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In case you were wondering… it’s our turn now!

May 14, 2024 | 0 comments

Willard, Edwin, Dale c. 1916

What’s the best story you remember hearing about an adventure (or maybe a disaster) from your mom or dad’s childhood?  Was it ever written down?  I was thinking the other day about a story my mom told me — maybe more than once.  It was one she remembered all her long life and I’m so glad she did because I don’t think even her story-writing brother Willard ever put it down on paper.

Mom was the youngest of seven children.  Her brother Edwin was three years older than she, Willard was eleven months older than she… so even from her cradle days she was wise in the ways of boys.  By the time she began school, there were 13 other children of similar ages in the village — but wouldn’t you know. they were all boys!  Mom got along just fine with them.  “I suppose you’d call me a “Tomboy,” she said.

Dale’s “Corkscrew Curls”

Unless she was off to school or church or going to visit her grandfather, R. H. Espy and his wife “Aunt Kate,” Dale usually wore coveralls.  She had her own horse from the time she was five or six and the only thing she was not allowed to do was to crawl under the barn or house to find eggs from the free-ranging chickens.  She had “beautiful golden curls” (when combed!) and her mother drew the line at getting into cobwebs and dirt and who-knows-what-all if it could be avoided.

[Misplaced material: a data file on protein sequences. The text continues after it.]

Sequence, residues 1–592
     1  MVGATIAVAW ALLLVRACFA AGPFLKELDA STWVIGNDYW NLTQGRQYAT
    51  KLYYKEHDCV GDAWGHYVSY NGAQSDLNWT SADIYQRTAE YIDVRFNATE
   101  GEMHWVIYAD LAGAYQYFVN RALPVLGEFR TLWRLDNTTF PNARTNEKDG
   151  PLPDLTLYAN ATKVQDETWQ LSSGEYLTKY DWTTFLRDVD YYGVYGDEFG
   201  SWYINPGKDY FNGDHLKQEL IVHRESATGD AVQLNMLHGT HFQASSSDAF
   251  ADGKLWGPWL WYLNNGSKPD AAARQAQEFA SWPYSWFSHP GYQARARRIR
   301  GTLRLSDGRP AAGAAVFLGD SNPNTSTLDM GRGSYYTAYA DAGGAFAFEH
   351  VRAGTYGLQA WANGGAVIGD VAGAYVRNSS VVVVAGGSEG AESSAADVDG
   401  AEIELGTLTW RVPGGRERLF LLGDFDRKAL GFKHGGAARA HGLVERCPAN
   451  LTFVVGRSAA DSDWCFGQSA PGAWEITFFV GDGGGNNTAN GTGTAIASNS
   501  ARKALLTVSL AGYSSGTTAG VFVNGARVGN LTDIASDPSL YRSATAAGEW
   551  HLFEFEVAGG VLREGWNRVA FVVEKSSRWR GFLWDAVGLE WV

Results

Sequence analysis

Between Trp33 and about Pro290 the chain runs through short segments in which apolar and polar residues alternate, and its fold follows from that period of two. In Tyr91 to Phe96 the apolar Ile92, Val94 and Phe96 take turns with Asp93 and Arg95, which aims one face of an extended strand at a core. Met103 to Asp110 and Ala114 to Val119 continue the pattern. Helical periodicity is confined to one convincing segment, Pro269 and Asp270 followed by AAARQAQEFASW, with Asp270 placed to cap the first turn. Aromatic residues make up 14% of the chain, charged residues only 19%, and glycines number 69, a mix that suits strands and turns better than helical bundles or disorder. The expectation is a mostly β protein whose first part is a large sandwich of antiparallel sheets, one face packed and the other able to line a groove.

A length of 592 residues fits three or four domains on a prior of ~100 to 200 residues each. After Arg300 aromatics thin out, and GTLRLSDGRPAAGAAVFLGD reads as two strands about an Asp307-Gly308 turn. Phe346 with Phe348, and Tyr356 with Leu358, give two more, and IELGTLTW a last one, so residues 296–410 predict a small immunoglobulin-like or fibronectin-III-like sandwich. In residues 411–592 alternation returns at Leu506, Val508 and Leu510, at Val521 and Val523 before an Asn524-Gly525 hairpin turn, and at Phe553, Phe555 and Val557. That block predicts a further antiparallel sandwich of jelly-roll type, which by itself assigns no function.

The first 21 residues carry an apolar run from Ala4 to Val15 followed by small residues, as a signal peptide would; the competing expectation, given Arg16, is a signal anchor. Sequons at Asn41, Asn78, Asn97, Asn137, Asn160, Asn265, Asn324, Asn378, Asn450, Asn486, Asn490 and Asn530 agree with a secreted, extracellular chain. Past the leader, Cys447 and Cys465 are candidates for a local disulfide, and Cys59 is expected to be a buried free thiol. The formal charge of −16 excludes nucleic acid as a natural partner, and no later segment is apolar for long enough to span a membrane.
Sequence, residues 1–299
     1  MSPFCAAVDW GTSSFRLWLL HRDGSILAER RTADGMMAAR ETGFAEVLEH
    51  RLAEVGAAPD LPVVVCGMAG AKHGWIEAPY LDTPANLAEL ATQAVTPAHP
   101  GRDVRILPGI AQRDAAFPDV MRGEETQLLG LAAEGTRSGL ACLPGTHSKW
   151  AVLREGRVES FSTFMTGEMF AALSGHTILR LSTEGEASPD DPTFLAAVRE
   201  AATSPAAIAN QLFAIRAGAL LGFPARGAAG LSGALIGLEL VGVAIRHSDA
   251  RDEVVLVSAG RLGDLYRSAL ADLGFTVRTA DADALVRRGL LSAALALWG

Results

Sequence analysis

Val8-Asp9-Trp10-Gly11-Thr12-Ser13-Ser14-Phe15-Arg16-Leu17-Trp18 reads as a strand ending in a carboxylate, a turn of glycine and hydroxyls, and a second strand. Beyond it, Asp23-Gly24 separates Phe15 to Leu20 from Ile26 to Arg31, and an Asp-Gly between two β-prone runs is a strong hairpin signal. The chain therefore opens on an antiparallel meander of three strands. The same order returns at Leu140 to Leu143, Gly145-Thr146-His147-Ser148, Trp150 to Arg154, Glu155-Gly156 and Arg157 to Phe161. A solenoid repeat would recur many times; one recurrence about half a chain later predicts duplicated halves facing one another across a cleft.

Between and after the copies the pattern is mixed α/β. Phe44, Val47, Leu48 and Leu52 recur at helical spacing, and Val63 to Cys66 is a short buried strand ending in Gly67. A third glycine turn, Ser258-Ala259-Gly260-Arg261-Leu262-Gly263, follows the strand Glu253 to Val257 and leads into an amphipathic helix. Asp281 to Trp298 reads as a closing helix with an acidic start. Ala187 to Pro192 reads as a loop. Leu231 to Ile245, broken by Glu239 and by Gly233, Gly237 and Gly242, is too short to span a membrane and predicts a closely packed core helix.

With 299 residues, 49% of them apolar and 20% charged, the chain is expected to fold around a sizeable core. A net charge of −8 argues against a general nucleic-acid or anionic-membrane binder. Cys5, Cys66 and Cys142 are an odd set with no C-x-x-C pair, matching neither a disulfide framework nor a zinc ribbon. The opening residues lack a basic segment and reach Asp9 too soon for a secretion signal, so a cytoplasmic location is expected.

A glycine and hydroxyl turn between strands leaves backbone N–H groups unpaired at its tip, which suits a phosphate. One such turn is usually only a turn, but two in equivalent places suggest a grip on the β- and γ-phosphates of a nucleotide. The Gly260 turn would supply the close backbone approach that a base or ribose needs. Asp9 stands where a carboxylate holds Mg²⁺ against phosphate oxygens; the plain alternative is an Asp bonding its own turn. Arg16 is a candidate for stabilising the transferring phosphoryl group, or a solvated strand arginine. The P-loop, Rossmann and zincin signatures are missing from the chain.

One day when she was eight or nine, the boys decided to ditch her and all ran off through the woods — up where Douglas Drive is now.  She ran like the wind and was right behind them when one of the boys inadvertently knocked into a hornets’ nest.  Mom was an easy target and they swarmed over her face, stinging and stinging as she turned and headed home as fast as she could go.

Dale at “Sweet Sixteen”

“It hurt like anything but I didn’t cry.” she remembered.  “Not until I looked in the mirror and saw how swollen my face was.  I could hardly open my eyes and my lips were enormous.  I thought I would stay like that forever! And that’s when I cried.

I love that story.  It gives me such a sense of my mom as a little girl, of the freedom kids had and even a reminder of what Oysterville was like when I, too, was a kid — when Sandridge Road ended at the ‘S Curve’ by Lou Mitchell’s place and it was wooded almost everywhere except for the bay.

Storytelling — the best way to pass on our history — at least to my way of thinking!  I hope you are writing down your stories — for your kids, your grandkids and posterity!  No matter how “ordinary” they may seem even now, they won’t be ordinary 50 or 100 years from now.  I promise!

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